When I began, my purpose was to speak Of remedies and of a cheerful hope. There's Richard Bateman, thought she to herself, He was a parish-boy--at the church-door They made a gathering for him, shillings, pence And halfpennies, wherewith the neighbours bought A basket, which they filled with pedlar's wares; And, with this basket on his arm, the lad Went up to London, found a master there, Who, out of many, chose the trusty boy To go and overlook his merchandise Beyond the seas; where he grew wondrous rich, And left estates and monies to the poor, And, at his birth-place, built a chapel, floored With marble which he sent from foreign lands. An evil man That was, and made an evil choice, if he Were false to us; and, if he were not false, There are ten thousand to whom loss like this Had been no sorrow. Thus in his Father's sight the Boy grew up: And now, when he had reached his eighteenth year, He was his comfort and his daily hope. And now, when Luke had reached his eighteenth year, There by the light of this old lamp they sate, Father and Son, while far into the night The Housewife plied her own peculiar work, Making the cottage through the silent hours Murmur as with the sound of summer flies.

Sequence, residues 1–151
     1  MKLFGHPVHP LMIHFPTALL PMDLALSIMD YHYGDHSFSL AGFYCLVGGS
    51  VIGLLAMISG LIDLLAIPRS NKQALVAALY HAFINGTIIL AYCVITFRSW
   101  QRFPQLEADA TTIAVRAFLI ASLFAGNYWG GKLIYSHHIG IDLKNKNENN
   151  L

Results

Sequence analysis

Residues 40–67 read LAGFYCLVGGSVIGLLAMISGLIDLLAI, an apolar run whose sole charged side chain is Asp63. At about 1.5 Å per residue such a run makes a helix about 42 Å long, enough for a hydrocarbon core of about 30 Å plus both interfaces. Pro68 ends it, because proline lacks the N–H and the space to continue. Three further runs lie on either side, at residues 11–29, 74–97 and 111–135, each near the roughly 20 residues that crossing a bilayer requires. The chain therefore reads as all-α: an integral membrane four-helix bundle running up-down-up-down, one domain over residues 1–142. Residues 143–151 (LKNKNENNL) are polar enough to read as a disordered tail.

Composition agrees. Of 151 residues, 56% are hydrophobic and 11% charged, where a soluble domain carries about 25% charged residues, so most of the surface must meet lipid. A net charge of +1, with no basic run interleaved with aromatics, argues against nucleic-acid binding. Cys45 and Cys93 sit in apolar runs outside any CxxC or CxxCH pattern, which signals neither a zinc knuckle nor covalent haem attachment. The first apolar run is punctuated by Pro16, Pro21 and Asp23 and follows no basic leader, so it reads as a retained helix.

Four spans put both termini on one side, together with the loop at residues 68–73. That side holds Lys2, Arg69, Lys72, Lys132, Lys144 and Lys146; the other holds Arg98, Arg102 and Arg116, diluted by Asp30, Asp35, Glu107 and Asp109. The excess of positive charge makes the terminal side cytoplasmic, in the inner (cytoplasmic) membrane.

Our Luke shall leave us, Isabel; the land Shall not go from us, and it shall be free; He shall possess it, free as is the wind That passes over it. Meantime Luke began To slacken in his duty; and, at length, He in the dissolute city gave himself To evil courses: ignominy and shame Fell on him, so that he was driven at last To seek a hiding-place beyond the seas. This light was famous in its neighbourhood, And was a public symbol of the life That thrifty Pair had lived. An evil man That was, and made an evil choice, if he Were false to us; and if he were not false, There are ten thousand to whom loss like this Had been no sorrow. Our lot is a hard lot; the sun himself Has scarcely been more diligent than I; And I have lived to be a fool at last To my own family. Never to living ear came sweeter sounds Than when I heard thee by our own fireside First uttering, without words, a natural tune: While thou, a feeding babe, didst in thy joy Sing at thy Mothers breast. The domestic affections will always be strong amongst men who live in a country not crowded with population; if these men are placed above poverty.